It’s a crowded marketplace.
Now, isn’t that the understatement of the century?
Are you stuck looking for a gap in the market? Something you can slip a product into?
There is no question that these days you cannot copy a competitor and win, except on price.
You’ll need a product that is different – or a brand position that is different – or to appeal to a different audience.
Check out your competition to provide you with clues to what opportunities might still be available to you.
How you break up your market is one way that people use to find “gaps” or “niches” that they can slip a new product into.
In the table 1 fictional model below, here is an example to illustrate furniture retailing. Applying the same principles to your market will help you to identify potential gaps in the market for a new entrant (you).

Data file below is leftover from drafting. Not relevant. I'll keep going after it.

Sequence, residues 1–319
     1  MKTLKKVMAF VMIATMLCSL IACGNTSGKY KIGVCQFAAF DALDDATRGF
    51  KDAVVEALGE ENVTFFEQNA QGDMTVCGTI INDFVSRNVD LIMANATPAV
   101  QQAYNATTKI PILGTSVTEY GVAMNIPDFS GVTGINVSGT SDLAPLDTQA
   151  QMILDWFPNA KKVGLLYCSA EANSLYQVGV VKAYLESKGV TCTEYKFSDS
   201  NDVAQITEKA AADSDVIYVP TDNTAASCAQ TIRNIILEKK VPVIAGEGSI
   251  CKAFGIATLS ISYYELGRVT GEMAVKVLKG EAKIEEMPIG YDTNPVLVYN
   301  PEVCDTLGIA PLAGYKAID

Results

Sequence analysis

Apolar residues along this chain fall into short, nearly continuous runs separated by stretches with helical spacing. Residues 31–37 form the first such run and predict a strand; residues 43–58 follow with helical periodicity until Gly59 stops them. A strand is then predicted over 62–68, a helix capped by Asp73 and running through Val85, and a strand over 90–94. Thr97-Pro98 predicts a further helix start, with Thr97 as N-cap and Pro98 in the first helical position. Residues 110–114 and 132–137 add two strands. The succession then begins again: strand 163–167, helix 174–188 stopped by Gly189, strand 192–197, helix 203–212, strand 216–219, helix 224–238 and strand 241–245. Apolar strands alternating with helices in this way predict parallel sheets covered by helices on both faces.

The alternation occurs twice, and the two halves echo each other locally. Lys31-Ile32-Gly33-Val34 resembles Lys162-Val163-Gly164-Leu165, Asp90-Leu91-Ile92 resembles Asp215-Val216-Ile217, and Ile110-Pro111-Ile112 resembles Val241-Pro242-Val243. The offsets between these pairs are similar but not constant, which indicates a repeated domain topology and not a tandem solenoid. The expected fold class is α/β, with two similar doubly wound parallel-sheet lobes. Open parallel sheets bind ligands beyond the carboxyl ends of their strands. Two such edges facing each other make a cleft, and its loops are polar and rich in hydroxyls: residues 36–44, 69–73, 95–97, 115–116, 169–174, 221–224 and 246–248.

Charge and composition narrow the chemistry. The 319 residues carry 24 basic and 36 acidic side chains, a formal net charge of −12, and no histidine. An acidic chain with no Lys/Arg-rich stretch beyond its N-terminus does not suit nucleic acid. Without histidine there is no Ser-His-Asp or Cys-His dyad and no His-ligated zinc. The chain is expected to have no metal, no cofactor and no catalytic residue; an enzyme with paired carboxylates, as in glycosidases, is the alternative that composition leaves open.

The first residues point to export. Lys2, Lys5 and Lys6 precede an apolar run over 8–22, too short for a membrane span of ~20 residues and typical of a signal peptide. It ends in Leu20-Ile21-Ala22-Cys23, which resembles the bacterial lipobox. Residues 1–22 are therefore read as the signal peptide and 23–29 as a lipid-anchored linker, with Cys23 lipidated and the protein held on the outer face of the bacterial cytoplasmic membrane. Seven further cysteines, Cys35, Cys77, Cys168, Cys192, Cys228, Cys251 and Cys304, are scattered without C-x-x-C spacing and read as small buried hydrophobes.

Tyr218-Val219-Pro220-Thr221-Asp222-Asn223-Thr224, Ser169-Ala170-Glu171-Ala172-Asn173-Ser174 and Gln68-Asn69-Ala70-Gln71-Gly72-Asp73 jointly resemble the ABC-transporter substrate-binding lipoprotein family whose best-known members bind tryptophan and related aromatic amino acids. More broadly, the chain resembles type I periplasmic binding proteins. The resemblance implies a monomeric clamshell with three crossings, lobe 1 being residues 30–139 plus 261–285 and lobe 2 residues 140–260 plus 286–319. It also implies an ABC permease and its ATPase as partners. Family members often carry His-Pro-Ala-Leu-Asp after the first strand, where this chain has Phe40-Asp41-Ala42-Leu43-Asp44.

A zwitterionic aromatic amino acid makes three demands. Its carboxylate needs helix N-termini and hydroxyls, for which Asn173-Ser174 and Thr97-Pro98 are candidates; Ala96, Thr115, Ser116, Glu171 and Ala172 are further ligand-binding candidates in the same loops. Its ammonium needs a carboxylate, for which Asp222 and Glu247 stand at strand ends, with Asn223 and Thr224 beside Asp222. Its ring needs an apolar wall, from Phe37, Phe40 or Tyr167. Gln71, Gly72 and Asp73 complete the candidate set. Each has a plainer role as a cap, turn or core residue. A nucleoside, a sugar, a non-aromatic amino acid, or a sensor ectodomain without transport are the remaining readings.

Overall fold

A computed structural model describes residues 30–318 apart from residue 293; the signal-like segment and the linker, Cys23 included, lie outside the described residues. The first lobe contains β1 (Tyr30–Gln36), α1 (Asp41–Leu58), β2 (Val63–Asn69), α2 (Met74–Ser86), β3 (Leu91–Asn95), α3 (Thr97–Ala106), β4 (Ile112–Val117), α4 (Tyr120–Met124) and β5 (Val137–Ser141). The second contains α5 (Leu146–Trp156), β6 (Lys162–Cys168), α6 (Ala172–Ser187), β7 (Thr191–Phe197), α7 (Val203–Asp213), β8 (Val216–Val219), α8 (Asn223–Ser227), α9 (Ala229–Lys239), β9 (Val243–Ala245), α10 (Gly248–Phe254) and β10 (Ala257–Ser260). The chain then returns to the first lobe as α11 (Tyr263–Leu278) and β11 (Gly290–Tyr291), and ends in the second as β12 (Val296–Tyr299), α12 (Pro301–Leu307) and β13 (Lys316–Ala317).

If you map out your competitors like shown, you can start to see how different players have different markets and messages. In this example, you can see that there is no furniture specialist for youth or young couples – which could potentially be a profitable opportunity.
While I’ve used life stage as the target market, we could easily replace it with some other criteria such as types of homes (see Table 2).
This would mean reclassifying by such segments as homeowners with back yards, families in rental properties, shared accommodation (such as flat or room mates), or apartment dwellers and so on. (It comes down to what is relevant to the industry you are looking into.)
If, for example, most major groups of the target market were fully serviced, I would recommend looking at another industry. The problem you will have in an industry that is well serviced is creating product differentiation, and you really need to find a target market that is not being adequately serviced to increase your chances of success.
RELATED POST: The Niche Marketer
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